Many Americans are unaware of the unspoken reality that thousands of US military service veterans die alone and go unclaimed in gravesites across the country every year, despite the military credo of “no one left behind.”
A Lower Bucks County resident has taken it upon himself to work toward “the goal of ensuring all veterans are buried with honor, recognition, and respect,” and in the process promoting the use of technology to document the history of these unclaimed veterans and his or her accomplishments.
In pursuit of this goal, Dan Kohlbek, of Langhorne, founded the Bucks County-based nonprofit Project NAGA® (“Never Again Grieve Alone”) four years ago.
Since then, the nonprofit has expanded across the country through NAGA’s mission and outreach.
“There’s literally not a cemetery around that doesn’t have unclaimed veterans,” says Dan.
Most recently, Dan and his son, a Pennsbury High School senior (also named Dan), set to the road to prove just how much of a widespread issue this, and how seemingly simple actions can leave a lasting ripple effect.
Their trip took them 10,000 miles total, across numerous states including Texas, Nebraska, Florida, and others where they laid flowers on unmarked graves. The duo combined their trip with self-guided college tours and visits for young Dan, who plans to study how music affects health from a mental and physical therapy standpoint.
The pandemic threw a curve at the trip, as well as tropical storms and a couple blizzards, but did not deter the father-son team from journeying out and combatting Covid restrictions in each new state they traveled to.
“Charities were exempt from [travel] restrictions, but we still had to follow social distancing guidelines, get tested before and after arrival, and more.” This added a surreal level to the journey as Dan and his son set out to prove a point.
Before creating Project NAGA®, Dan spent six months researching different methods and models employed by nonprofits, until he finally created The Bridge™ model.
This model focuses on constructing a bridge from the problem back to society. In his mind, this takes the “typical” non-profit idea a step further than participating in a 5K or buying a shirt to show your support.
“[Our method] goes beyond the T-shirt,” Dan says. “It’s great to be able to stand for something, but what impact are you leaving, beyond showing up for a run and wearing a T-shirt to claim you stand for something?”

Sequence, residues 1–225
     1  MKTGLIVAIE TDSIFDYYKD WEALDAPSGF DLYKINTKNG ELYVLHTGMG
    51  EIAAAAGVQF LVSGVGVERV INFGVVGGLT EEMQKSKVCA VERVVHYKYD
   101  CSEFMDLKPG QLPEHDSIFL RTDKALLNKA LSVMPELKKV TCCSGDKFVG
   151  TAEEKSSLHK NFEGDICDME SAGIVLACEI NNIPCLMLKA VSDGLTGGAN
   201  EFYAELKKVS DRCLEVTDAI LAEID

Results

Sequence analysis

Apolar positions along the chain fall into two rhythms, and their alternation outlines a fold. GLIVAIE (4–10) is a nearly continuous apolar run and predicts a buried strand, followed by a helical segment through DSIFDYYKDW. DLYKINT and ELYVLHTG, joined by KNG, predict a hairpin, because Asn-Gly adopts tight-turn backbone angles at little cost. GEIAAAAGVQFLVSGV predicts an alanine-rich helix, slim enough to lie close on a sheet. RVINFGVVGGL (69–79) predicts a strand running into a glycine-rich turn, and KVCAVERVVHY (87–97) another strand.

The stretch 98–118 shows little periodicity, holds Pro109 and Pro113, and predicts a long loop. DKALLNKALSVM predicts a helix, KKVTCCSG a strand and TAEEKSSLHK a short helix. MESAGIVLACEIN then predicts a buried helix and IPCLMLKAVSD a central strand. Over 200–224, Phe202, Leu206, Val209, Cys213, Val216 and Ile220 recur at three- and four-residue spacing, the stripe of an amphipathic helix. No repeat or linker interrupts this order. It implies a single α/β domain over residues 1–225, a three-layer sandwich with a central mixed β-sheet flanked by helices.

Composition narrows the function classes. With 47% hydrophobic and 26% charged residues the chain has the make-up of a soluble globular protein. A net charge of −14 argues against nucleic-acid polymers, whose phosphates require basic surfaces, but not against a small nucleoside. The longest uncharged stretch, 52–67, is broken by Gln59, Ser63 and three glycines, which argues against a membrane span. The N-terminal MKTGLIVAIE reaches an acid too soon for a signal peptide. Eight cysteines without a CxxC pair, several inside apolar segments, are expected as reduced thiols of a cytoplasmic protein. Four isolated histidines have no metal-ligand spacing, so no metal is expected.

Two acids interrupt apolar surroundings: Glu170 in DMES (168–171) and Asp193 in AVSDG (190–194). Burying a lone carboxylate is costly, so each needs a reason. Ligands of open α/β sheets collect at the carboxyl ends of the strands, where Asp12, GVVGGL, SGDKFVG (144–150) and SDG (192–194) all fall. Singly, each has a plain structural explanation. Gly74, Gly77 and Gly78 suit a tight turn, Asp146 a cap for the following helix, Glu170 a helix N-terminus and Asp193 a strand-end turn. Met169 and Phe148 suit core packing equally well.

The steps in Project NAGA®’s model include identifying veterans; honoring them (telling their story); and forming a bridge to society where their stories are told and shared; looking at the way culture shifts and changes.
“The effect is multidimensional,” says Dan. “You’re not just solving the problem; you’re expanding peoples’ lives and cultures.”
Each veteran’s story and life can create the birth of something new: a poem or a painting that would not have existed otherwise.
Seeing the widespread epidemic of unclaimed veterans dying alone, how many men and women who have served their country and then have nobody to claim them, Dan began to wonder the larger ramifications on society.
“What’s the effect on a country when there are thousands of bodies that go unclaimed?” he says. “Not only their bodies, but their identity, their wisdom they could have imparted on future generations.”
Veterans have been dying alone and going unclaimed since the Civil War; it’s a problem that extends far into the past and will continue to grow as we face further devastation from warfare.
The aftershocks on a society exist long after the wars have ended.
Prior to Covid, the Vietnam Veterans of America Chester County Chapter 436 hosted a ceremony to bury the unclaimed remains of 14 veterans stored in county morgues in Bucks, Chester and Philadelphia counties.
Representative Brian Fitzpatrick said at the ceremony, “Every single veteran, every single serviceman and servicewoman who serves our country, they have a story, and some don’t have anyone to come home to when they come home, and some people, as we’ve seen here, when they pass from this earth, don’t have anybody to claim them.”
Hundreds of mourners attended the event, proving support of the community is wide-reaching. All veterans who have served our country deserve to be remembered and held as respected members of our community; they have a family whether it’s existing blood relatives or not.
This ceremony sought to share this feeling of family with the unclaimed veterans as they were laid to rest.
Flowers-for-Eva is another initiative founded by Dan, a branch of Project NAGA® that pushes the idea forward of leaving flowers on unmarked graves. Dan paired up with Dr. Jan Cook Ed.D from Bucks County Community College to help get students involved and the project has since sparked interest across the country. For more info, you can visit flowers-for-eva.org.
Dan hopes that his work with Project NAGA® may inspire others to take a creative approach toward lasting social change.
“So many people have created something from these [veterans’] lives… a song or a painting… and that is what The Bridge™ method really stands for and encourages – to go out and do that work, to make a difference and a lasting impact and to see that evolve, to become part of our culture and continue to grow rather than being lost or forgotten in the past.”
The simplest thing you can do today that will make a difference: visit your nearest cemetery and lay flowers on the unclaimed graves of veterans who have died alone.
Take a photo when you do so; remember them, take their stories with you, share them, and create something out of that. (If you share a photo to social media, tag @projectNAGA to help spread awareness).
For more information on Project NAGA®, visit projectnaga.org.
Through small steps, we create a bridge and leave a long-lasting impact on our community and culture to create real social change.
PHOTO CAP: Dan Kohlbek, founder of Project NAGA® with his son, Dan.